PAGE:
Why has OPEC-led deal failed to energize oil prices?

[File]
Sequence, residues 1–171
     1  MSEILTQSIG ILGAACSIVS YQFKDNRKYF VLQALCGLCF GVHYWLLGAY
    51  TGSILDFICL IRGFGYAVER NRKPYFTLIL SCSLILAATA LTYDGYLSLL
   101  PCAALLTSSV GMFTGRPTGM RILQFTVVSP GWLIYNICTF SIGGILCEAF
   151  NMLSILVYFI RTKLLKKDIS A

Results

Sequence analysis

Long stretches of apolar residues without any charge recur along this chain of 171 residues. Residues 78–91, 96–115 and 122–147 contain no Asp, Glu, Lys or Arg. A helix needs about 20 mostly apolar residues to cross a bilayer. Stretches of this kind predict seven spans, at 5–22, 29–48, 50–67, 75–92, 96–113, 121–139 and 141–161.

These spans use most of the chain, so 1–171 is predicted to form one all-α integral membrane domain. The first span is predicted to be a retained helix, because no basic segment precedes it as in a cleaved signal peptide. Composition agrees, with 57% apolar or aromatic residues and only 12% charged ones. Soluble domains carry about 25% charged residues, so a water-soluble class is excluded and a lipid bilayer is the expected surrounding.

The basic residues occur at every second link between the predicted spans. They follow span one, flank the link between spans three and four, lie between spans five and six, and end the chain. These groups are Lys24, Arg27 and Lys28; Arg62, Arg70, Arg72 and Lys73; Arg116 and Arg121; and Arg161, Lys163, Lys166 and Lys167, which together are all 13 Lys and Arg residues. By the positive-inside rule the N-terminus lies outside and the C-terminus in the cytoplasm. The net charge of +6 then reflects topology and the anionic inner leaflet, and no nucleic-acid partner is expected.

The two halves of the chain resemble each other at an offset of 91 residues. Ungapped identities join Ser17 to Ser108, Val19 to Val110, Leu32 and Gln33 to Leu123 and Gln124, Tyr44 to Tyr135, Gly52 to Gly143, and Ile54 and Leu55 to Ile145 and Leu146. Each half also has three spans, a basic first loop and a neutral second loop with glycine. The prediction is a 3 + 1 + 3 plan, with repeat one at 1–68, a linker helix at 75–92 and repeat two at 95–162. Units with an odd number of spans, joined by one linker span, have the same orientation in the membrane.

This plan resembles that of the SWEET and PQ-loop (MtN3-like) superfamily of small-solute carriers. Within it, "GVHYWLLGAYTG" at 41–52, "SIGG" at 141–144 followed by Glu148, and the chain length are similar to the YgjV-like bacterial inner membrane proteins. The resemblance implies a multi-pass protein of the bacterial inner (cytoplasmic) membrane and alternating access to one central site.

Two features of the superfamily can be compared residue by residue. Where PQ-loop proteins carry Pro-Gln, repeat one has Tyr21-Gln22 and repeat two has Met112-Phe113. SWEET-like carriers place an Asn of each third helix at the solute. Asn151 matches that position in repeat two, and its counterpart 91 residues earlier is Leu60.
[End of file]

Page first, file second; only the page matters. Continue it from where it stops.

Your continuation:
first_imgWhere are oil prices now? In late afternoon European deals, international benchmark London Brent North Sea oil stood at $31.04 per barrel, compared with $34.36 last Thursday before talks began.US benchmark West Texas Intermediate crude meanwhile traded at $21.81 a barrel on Tuesday, down from $26.80.Both contracts had crashed late last month on virus-linked demand fears and a Saudi-Russia crude price war. Global oil traders have shrugged off Sunday’s historic output-cutting deal by OPEC and its allies, with prices languishing not far from recent two-decade lows.The market failed to win traction from the deal, which fell short of expectations and resulted from Easter weekend video-conference talks led by the Organization of the Petroleum Exporting Countries. WTI had slumped as low as just $19.27 per barrel on March 30, when Brent had also nosedived to $21.65 per barrel. Those levels were last witnessed in 2002.The collapse prompted top producers to tighten the taps to stop hemorrhaging precious oil revenues. Are the cuts enough? OPEC producers dominated by Riyadh, and their allies led by Moscow, thrashed out a compromise deal on Sunday to cut production by 9.7 million barrels per day from May.Yet traders remain doubtful over the impact because the cuts nevertheless fell short of expectations, amid fears over plunging demand on COVID-19 fallout.”The OPEC+ deal has received the underwhelming reception it deserves, frankly, with producers delivering right at the bottom end of expectations after days of talks,” said OANDA analyst Craig Erlam.”This may be the largest ever cut but we are living through an unprecedented event and demand has fallen off a cliff.”Futures briefly bounced Tuesday after US President Donald Trump tweeted producers were considering cutting 20 million barrels per day.Influential Saudi energy minister Prince Abdulaziz bin Salman also indicated cutbacks by OPEC and its allies, together with pledges from other G20 nations and purchases by strategic reserves, could remove 19.5 mbpd from the market.”There is still a lot uncertainty over whether the reduction in output will be enough,” said Markets.com analyst Neil Wilson.”Most think OPEC and allies have not done enough to prop up prices in the near term, albeit they do seem to have shown a willingness to prevent a complete collapse.” What is market outlook ? Global oil supplies are currently outstripping global demand by as much as 30 million barrels per day, according to Alfa Energy chairman John Hall. “What we have to remember is that the supply-demand imbalance could be as high as 30 mbpd,” Hall told AFP.”A recent figure from OPEC has warned of a figure of 14.7 mbpd, so this cut — although the largest ever — is probably not even half way to what is actually needed to supposedly re-balance the market.”Rystad Energy predicts oil demand will hit 28 million barrels per day (mbpd) in April and 21 mbpd in May.That is far below “normal” demand of 100 mbpd, according to Rystad.The IMF meanwhile forecast Tuesday that oil prices will likely remain below $43 throughout 2023 due to “persistently weak demand” in a deep global recession sparked by coronavirus.However, the IMF did also admit that the rapidly falling cost of oil — which greases the wheels of the global economy — should nevertheless give a big boost to consumer nations.center_img Will OPEC deal be respected? Compliance among OPEC member nations over the cartel’s production quotas has long been a controversial topic, analysts agree.”We should not forget how difficult OPEC found it to comply with the production quotas in the past three years,” said Commerzbank analyst Eugen Weinberg.”In fact, compliance was achieved mainly thanks to involuntary production outages and over-compliance on the part of Saudi Arabia.”ING analyst Warren Patterson added: “The group has agreed on historic cuts, and now we have to see whether they will stick to them.”Unlike previous deals, it is hard to see the likes of Saudi Arabia cutting output by more than their quota, in order to make up for shortfalls from others, given the scale that they have already agreed to cut.” What next? Many industry experts expect the global oil market will remain caught between plentiful crude and virus-ravaged demand for the foreseeable future.”With the coronavirus-led slowdown taking a toll on the global oil demand, the supply side news could be rapidly forgotten,” said Swissquote Bank analyst Ipek Ozkardeskaya.”The historic cut did not spark the market reaction that oil producers were hoping for.”Wide controversies among oil producer nations hinted that a further action is probably unlikely.” Topics :last_img read more